Consecutive turnovers I remember an interview I read once with a chess champion, who was discussing what made Deep Blue, the chess playing supercomputer, such a formidable opponent. Basically, the chess player explained, Deep Blue can’t be rattled. You can take its queen and unlike a human opponent, who might become blinded by losing his best piece, it will simply spin and hum and make the next best move available. Good basketball teams are like this. Current possessions aren’t affected by previous ones.The goal every time down the floor is to make the best move available, take care of the ball, find the easy shot. With the Clippers, on the other hand, one turnover all too often seems to lead to another. Rather than slow down when things start to go wrong, they speed up, pushing the action just when they out to be regaining control, like a tilting poker player desperate to get even on the next hand. Tonight, there were three pairs of consecutive turnovers in the second half, and all three resulted in at least three Memphis points.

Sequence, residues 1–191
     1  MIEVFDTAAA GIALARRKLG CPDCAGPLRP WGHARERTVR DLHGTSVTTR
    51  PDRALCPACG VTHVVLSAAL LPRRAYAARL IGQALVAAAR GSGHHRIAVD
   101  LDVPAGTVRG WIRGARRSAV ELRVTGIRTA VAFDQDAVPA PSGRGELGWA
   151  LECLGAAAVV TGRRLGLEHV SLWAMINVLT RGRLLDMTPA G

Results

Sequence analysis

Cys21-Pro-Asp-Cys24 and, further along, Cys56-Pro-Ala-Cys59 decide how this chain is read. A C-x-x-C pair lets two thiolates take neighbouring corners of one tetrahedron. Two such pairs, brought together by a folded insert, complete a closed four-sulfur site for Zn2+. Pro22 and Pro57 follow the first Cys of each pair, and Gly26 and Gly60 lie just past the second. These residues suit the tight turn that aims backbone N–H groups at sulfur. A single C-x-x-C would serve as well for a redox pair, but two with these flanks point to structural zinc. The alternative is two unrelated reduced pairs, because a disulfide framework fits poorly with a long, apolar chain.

Terrible turnovers Not a technical term. But I watched the second half again and kept track of the truly terrible turnovers, the ones that owe more to bad decision making than any kind of good defensive play. Being stripped of the ball, carrying, dribbling off yourself… all mistakes made in service of a logical basketball move, in otherwords, were off the hook. In all, I counted ten “Terrible” turnovers, and eight of them were made by the three rookies. All five of Bledsoe’s were “terrible;” three were passes either to Tony Allen or directly out of bounds. Aminu tried to thread an impossible pass through traffic. Even Blake was guilty twice, first stripped after he tried to drive into a triple-team, and later picked off when he tried a underhand pass through the lane. In other words, with the game on the line, young guys are more likely to make decisions. I know this isn’t groundbreaking work… just interesting to see how easy it is to prove.
Some assorted game thoughts:
- Not a good night for people who think Eric Bledsoe should continue to start. Tonight, the plus/minus tells the story pretty accurately. The team was –14 with Bledsoe in the game and +13 with Baron at the controls. Bledsoe led the turnover parade with 5, and missed at least three shots right at the time as part of his scoreless 0-5. Baron didn’t have a flawless game. He threw away a few fast breaks, and he didn’t get anything close to a good look on the game’s final shot, but the team continues to more consistantly when he’s on the floor.